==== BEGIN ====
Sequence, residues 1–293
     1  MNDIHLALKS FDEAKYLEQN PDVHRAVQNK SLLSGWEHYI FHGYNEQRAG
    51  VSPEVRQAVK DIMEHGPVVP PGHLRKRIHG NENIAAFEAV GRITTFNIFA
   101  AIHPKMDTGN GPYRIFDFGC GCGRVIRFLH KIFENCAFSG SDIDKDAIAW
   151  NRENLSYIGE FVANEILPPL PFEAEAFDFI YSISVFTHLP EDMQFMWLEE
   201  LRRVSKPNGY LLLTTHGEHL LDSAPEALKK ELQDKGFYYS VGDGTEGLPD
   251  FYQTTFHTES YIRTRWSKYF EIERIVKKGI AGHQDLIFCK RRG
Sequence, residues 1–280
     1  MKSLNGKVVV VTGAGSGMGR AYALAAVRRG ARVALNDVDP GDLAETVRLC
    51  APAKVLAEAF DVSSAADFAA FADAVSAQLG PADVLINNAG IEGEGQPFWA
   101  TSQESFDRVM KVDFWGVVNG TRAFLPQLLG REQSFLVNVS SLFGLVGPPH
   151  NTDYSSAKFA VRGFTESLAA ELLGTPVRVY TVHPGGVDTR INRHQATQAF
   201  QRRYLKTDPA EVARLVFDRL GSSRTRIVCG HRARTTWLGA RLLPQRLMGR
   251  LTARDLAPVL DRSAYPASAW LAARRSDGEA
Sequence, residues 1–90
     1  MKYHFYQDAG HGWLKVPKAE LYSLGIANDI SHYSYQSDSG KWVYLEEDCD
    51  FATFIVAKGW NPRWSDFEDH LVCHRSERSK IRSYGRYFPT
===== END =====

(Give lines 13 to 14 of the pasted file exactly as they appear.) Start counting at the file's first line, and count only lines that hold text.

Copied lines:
   201  QRRYLKTDPA EVARLVFDRL GSSRTRIVCG HRARTTWLGA RLLPQRLMGR
   251  LTARDLAPVL DRSAYPASAW LAARRSDGEA